How to Survive Your China Manufacturer Dispute. Sinosure Too.

Authored by Dan Harris of Harris & Moure, PLLC, China Law Blog discusses Chinese law & how it impacts business in China.

Our China lawyers have been getting a spat of inquiries in the last few months from foreign (mostly American) companies that have lost knock-down drag out disputes with their Chinese manufacturers. The American companies have been getting their clocks cleaned in these disputes to the point that many are having to shut down their businesses.

My goal with this post is to lay out the basics for surviving (when possible) such disputes. First though a bit of background.

SinosureNearly all Chinese manufacturing companies that provide credit to foreign businesses do so because their invoices are insured by Sinosure. Sinosure (a/k/a The China Export and Credit Insurance Corporation) is a massive China State Owned Entity (SOE) that provides Chinese companies with insurance coverage against political commercial and credit risks. Importantly, Sinosure also provides export financing via an agreement it has with J.P. Morgan. Sinosure also covers China SMEs with export volumes of less than two million dollars a year that are unable to bear the political and commercial risks of international trade.

Foreign companies typically never deal with Sinosure until they have a payment dispute with their Chinese product supplier. When that happens, Sinosure usually steps in and threatens to sue the foreign company that owes the money. Sinosure does this by hiring debt collection lawyers in the debtor’s country to pursue the debts of the Chinese manufacturers it insures. Sinosure is very aggressive in pursuing collection cases against American companies, most of whom have little clue about what they are up against.

The Typical Sinosure Case. I cannot promise the below is truly the typical sinosure case, but it is the typical case our China lawyers are hearing about and, most importantly, it is the typical case that has proven so deadly to foreign companies. The below is a composite, written to scare American and European companies straight.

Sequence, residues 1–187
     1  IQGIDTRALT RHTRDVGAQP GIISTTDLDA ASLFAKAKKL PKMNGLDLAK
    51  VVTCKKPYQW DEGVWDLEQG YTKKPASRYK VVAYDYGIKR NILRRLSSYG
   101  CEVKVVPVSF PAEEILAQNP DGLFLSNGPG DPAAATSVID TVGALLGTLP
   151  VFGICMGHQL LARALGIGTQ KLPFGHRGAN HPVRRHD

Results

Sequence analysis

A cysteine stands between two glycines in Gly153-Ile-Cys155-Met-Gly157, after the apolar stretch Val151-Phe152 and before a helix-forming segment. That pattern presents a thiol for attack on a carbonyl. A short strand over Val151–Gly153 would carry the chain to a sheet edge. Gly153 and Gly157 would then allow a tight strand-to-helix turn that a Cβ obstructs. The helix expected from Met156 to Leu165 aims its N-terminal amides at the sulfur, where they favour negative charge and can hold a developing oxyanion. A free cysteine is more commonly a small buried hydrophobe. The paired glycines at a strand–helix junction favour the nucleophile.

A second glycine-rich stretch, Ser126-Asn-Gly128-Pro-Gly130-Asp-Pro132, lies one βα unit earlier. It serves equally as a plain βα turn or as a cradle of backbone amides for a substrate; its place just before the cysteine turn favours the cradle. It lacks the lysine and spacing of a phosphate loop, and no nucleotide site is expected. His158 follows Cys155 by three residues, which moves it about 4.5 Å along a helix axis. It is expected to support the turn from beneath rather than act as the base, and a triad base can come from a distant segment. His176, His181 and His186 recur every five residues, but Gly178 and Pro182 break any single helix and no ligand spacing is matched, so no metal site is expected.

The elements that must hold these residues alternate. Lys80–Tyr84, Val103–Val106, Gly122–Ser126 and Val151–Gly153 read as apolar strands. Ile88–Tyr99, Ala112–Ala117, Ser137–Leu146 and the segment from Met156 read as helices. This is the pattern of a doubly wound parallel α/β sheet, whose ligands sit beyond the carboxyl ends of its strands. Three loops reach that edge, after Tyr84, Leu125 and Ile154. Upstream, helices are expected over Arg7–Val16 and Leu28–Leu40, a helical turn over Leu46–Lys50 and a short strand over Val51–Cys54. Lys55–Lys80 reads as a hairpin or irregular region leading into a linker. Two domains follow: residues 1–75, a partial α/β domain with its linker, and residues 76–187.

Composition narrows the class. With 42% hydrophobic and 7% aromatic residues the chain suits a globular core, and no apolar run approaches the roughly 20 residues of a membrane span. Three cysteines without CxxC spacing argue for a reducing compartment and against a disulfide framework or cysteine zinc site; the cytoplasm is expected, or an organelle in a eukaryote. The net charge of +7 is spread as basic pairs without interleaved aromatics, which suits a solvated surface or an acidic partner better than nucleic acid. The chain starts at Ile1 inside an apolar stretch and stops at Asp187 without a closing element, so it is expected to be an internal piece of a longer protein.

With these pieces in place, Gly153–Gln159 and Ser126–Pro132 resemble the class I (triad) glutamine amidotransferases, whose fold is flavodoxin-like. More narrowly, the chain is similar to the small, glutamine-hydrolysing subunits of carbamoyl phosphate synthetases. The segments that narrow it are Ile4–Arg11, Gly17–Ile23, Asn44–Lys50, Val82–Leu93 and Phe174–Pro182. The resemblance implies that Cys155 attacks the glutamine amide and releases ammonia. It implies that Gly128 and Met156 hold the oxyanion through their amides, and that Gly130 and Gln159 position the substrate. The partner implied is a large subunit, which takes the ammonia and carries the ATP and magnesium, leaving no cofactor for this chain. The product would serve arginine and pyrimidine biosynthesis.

1. U.S. company buys $2 million of widgets from Chinese manufacturer for export to the United States.
  2. U.S company pays Chinese company $1.4 million upfront for the widgets, with the remaining $700,000 to be paid upon approved delivery.
  3. The widgets that arrive in the United States are of poor quality.
  4. The U.S. company refuses to pay the remaining $700,000.
  5. The American company sells the bad widgets at fire-sale prices, netting 500,000 or $200,000 less than the $700,000 it is already out of pocket to the Chinese company.
  6. The Chinese manufacturer threatens the U.S. company with a lawsuit and the U.S. company threatens the Chinese company with its own lawsuit or with counter-claims for “the bad product and for the damage caused to our reputation. “
  7. The U.S. company then does nothing for months, figuring there is no way the Chinese company will have the gall to sue and also figuring that suing the Chinese company would be more trouble than it is worth.
  8. Then all of a sudden, a U.S. lawyer contacts the U.S. company and says that unless the U.S. company immediately pays the remaining $700,000 owed to its by now former China manufacturer, it will soon be sued in the United States. Nine times out of ten, this lawyer has been retained by Sinosure.
  9. The U.S. company almost always starts out defiant, telling the lawyer that it will never pay anything because it doesn’t owe anything and if the Chinese company were to sue in the United States, it will counterclaim.